Is Apple strangling itself?
Almost all software has bugs. A vital part of any software developer’s nervous system is the proprioceptive flow of information from the periphery back to the centre. People who can’t feel pain end up losing limbs because of it: small injuries, abscesses, infections aren’t noticed until it’s too late and the body rots. Software producers who can’t feel their users’ pain are deprived of vital information about bugs and problems, so they fester unnoticed until the software products rot away.
The trouble with facilitating the flow of information from the periphery to the centre is that so much of it is nonsense. The challenge is to get the real bugs to the software developers while filtering out the “But where is the ‘any’ key?” queries early on.
With Cardbox we charge subscriptions for technical support and we answer every question: it costs us time but we know we’ll never miss anything. But then we’re small and so we can afford to do this. When you have millions of users the economics are very different.
Apple, like Microsoft, provides no way for the public to report bugs. This saves a good deal of work but ultimately – as the heading suggests – it leads to starvation.
What are the alternatives? You can post to a discussion forum and hope that a bored engineer happens to notice that (hidden in the verbiage or the misunderstanding or whatever) there is something that seriously needs attention.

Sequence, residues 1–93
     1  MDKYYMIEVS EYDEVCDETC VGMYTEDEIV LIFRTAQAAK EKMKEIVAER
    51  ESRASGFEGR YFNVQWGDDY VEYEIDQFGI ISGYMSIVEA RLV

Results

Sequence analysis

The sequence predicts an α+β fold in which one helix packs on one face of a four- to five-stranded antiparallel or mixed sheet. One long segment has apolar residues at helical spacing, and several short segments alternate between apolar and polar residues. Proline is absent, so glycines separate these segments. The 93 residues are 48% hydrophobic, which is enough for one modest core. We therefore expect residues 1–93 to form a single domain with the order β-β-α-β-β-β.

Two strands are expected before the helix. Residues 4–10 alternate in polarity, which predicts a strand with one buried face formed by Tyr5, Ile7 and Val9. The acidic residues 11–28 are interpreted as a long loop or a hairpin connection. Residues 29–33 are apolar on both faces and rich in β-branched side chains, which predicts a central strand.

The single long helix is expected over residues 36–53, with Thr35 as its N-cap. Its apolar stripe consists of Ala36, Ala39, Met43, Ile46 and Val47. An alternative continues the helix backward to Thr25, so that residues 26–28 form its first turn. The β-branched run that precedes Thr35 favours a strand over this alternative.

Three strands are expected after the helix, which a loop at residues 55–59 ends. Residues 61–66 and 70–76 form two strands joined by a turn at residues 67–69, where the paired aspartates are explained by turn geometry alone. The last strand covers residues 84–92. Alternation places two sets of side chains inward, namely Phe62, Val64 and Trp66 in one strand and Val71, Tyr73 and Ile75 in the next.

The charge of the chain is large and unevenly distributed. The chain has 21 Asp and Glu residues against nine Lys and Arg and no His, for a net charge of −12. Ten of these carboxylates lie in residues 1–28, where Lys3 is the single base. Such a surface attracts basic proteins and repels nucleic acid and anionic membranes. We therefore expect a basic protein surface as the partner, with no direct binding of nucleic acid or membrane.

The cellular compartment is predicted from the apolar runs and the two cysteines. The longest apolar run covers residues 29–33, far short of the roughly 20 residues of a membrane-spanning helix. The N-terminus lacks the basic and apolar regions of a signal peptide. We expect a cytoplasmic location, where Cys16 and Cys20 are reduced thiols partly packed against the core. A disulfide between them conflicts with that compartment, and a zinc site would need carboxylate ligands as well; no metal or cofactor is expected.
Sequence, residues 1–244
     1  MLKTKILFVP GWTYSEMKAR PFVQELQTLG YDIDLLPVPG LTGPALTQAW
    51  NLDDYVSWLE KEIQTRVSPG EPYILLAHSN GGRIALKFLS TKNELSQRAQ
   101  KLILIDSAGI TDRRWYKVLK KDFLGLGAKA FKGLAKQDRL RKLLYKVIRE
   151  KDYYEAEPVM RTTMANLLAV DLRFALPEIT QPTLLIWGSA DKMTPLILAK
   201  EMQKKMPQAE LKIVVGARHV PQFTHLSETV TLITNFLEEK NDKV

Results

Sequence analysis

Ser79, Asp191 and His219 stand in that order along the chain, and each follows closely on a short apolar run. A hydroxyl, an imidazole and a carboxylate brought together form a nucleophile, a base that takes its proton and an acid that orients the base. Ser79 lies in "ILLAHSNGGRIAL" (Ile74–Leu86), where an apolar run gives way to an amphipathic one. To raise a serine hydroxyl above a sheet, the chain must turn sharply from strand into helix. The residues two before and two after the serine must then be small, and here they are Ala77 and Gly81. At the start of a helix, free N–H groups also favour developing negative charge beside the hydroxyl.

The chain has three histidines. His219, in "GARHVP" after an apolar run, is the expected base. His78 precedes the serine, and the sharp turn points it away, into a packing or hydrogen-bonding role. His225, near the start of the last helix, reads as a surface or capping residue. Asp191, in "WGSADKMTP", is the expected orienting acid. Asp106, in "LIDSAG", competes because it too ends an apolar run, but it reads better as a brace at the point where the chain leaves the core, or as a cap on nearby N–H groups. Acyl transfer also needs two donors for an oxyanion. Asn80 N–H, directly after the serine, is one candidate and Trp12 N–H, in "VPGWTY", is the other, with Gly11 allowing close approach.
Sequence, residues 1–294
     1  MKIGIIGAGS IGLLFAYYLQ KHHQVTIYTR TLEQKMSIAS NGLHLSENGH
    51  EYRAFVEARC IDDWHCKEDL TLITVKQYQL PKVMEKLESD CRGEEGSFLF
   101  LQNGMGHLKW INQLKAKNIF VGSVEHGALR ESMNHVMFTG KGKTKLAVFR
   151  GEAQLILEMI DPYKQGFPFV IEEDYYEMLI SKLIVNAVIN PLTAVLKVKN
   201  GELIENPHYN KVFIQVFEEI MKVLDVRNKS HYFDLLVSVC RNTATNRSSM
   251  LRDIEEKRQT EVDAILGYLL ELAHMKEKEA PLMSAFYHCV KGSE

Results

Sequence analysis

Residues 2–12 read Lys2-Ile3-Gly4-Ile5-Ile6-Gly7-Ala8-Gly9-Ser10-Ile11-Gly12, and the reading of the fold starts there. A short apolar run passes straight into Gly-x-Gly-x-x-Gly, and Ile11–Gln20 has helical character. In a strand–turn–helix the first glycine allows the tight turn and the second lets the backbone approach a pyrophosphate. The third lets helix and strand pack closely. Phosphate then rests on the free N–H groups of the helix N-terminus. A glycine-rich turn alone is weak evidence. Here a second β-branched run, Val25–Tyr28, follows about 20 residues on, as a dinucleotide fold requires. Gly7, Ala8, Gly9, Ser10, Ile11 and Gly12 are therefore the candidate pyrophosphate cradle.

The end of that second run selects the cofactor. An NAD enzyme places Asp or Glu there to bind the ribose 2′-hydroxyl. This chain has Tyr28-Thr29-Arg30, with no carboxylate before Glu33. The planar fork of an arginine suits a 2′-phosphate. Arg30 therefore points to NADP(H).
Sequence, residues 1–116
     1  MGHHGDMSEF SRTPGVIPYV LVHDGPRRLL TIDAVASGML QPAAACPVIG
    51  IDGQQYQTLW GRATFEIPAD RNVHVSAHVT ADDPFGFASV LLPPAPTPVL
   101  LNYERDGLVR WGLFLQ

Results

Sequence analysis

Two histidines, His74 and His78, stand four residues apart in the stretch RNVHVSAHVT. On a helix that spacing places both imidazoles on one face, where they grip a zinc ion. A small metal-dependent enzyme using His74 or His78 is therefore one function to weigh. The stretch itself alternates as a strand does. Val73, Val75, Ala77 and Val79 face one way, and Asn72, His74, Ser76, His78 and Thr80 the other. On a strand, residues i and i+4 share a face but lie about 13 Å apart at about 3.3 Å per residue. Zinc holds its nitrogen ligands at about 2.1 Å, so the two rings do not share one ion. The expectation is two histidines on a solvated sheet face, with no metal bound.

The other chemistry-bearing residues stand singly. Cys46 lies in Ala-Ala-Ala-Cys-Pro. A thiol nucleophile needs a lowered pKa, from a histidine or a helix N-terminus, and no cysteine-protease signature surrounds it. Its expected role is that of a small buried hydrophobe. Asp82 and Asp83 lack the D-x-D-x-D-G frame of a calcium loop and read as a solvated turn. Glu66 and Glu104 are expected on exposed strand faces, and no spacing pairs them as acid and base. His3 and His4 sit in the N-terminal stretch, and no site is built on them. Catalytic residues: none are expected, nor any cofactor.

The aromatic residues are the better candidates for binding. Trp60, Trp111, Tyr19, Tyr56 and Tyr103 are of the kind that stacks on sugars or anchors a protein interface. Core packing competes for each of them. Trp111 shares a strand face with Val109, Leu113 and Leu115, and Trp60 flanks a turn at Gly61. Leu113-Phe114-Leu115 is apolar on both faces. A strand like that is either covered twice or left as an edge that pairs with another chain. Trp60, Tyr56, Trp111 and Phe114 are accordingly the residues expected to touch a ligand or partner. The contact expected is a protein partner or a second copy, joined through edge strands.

You can give your telephone technical support people the ability to report bugs: they will have filtered out the silly questions, so the quality of the information coming into the centre will be better and the quantity will be manageable. The charming Irishman I talked to on the phone this morning promised to submit a bug report.
You can rely on the blogosphere to flag up the issues it finds interesting. If enough people riot then you do something; if not, not. This harnesses the wisdom of crowds (and all the rest) but it wrecks your reputation as a responsible supplier.
There is no easy answer to the question of information flow. But all the same, I hope that Apple manages to correct this bug. That iMac is so beautiful, it’s not fair that it should be so destructive.